Last fall, I had the privilege of having my profile of Master Penman Jake Weidmann published in Inspire magazine. (Flip to page 86 of the magazine. Sorry, there’s no way for me to link to a specific page, but if you enter Full Screen mode, you can move the scroll bar at the bottom to the right page.)

I’m currently finishing up illustrations for another multi-artist colouring book being published by Ink & Willow this fall. My contribution will be eight pages, and this is the fifth such book I’ve been asked to collaborate on. Last fall I contributed to this one.

Another Ink & Willow book I collaborated on last year was Resilience, a lovely one-year journal that helps readers let go of worry. I was asked to write the text for it, the second such book I’ve worked on for them.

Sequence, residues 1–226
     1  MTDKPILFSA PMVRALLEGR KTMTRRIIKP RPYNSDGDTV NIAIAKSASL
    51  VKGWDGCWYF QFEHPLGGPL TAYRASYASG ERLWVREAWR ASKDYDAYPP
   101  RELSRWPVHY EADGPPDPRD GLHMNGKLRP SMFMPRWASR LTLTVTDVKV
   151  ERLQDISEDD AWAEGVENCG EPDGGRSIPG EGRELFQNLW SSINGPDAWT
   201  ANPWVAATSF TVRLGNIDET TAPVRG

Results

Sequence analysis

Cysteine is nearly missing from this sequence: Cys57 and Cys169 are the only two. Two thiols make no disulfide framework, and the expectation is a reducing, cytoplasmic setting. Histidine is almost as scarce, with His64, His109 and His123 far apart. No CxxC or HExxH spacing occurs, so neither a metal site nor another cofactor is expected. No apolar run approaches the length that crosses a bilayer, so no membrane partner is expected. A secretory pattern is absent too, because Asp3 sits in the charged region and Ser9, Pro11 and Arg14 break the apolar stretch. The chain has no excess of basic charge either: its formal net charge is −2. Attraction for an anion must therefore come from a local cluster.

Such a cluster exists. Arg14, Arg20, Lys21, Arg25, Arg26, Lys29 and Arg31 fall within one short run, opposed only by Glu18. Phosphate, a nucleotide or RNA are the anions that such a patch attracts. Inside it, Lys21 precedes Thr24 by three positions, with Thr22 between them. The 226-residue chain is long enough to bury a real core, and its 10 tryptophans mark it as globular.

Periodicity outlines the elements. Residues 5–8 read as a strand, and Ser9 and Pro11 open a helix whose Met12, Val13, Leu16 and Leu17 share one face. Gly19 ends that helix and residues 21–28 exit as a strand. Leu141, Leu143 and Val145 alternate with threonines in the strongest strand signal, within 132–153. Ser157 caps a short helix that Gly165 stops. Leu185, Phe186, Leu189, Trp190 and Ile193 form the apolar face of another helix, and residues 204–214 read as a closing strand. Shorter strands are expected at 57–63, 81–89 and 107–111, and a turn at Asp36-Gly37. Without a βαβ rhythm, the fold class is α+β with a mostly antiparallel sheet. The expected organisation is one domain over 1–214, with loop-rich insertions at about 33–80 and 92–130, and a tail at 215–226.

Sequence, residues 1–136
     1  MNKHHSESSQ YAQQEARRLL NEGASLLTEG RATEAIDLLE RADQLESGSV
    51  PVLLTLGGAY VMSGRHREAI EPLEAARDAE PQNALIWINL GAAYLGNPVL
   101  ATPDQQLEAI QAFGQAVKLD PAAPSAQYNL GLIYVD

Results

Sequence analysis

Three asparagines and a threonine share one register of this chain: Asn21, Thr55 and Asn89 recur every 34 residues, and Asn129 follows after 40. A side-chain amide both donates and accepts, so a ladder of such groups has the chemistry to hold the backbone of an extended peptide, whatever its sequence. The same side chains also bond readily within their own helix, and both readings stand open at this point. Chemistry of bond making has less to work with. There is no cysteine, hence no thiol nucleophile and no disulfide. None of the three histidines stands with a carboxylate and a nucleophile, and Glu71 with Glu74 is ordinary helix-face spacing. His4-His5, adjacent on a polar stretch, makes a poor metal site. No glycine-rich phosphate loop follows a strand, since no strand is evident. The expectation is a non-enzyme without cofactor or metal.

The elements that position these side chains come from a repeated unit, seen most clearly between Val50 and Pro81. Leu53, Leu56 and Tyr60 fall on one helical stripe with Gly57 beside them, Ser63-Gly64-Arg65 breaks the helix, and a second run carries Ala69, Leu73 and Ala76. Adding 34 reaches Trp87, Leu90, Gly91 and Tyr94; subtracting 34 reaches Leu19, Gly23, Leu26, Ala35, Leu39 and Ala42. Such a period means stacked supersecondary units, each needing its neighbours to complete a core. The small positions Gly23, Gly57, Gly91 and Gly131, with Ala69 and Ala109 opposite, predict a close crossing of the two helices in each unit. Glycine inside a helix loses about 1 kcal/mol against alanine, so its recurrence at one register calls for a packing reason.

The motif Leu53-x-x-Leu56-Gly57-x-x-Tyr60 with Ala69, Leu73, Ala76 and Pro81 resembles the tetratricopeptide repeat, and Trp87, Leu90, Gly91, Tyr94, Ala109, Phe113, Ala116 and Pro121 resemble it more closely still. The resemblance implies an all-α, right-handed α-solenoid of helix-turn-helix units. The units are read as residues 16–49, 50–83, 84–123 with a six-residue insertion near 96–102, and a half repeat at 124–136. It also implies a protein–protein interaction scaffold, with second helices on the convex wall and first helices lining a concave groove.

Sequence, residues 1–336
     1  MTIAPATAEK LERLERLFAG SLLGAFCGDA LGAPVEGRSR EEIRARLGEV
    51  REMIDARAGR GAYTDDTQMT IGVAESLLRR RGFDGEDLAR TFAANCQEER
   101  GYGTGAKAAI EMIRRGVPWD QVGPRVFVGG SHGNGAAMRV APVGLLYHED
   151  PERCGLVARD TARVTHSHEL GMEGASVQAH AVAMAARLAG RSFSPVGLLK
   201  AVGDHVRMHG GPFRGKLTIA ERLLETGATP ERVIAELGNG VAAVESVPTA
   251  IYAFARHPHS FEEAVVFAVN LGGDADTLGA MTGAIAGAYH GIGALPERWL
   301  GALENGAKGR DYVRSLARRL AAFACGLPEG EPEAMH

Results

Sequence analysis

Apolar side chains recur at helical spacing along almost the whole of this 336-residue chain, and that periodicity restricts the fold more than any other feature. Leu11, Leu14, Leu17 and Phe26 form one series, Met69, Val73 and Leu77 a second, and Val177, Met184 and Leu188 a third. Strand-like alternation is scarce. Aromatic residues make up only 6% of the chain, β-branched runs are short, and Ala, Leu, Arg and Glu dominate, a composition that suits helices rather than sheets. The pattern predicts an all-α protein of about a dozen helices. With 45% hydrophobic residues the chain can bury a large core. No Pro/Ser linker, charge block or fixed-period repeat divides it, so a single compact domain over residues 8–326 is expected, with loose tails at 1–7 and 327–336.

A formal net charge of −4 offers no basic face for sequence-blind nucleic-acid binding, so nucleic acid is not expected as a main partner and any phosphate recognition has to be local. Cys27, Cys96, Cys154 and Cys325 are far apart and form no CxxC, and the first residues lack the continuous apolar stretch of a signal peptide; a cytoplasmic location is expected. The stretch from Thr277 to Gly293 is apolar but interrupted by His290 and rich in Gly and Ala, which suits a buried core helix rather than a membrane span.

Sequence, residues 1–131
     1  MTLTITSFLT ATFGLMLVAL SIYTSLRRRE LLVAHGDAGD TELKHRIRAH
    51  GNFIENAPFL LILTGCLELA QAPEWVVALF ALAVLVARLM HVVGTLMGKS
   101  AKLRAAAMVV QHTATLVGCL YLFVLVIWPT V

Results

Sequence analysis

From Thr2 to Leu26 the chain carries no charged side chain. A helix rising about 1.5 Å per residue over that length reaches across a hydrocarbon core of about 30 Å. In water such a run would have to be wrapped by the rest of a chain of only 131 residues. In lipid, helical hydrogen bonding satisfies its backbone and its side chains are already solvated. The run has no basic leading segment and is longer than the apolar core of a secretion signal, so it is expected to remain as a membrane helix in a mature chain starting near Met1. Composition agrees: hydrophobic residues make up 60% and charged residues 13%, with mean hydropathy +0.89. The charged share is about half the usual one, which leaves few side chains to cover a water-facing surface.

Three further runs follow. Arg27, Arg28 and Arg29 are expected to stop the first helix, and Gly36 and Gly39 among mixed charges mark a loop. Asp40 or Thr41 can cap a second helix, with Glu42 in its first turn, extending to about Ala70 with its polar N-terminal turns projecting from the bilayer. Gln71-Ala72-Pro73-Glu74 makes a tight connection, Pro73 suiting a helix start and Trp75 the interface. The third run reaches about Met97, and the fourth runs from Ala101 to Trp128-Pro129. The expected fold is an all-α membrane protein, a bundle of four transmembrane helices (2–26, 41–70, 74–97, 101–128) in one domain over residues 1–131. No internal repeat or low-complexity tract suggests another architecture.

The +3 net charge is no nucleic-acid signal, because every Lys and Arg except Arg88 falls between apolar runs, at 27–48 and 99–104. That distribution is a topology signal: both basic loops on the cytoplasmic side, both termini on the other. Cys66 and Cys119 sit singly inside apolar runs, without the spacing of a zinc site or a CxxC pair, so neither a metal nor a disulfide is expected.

I’ve had several opportunities to create custom colouring pages and designed a set of Christmas illustrations for a local boutique (available through my online shop as well).

I conducted an experiment last summer and moved my office, art studio, and sewing room upstairs into the apartment above my home when my tenant there left. It was fun for the first five or six months but I eventually realized I missed living in my creative space (or creating in my living space!) so I rearranged things at home and moved back downstairs. Previously, I was trying to use my dining room for my art projects and that just wasn’t practical. Now I simply have a desk in a corner of my living room for my writing and my old office, which was much bigger than it needed to be, is now a dedicated art room. I couldn’t be happier!

I hope you enjoy all these links and find some great new resources for yourself or to give as gifts. Please comment below if you discovered something you particularly like!

Whimsy & Wisdom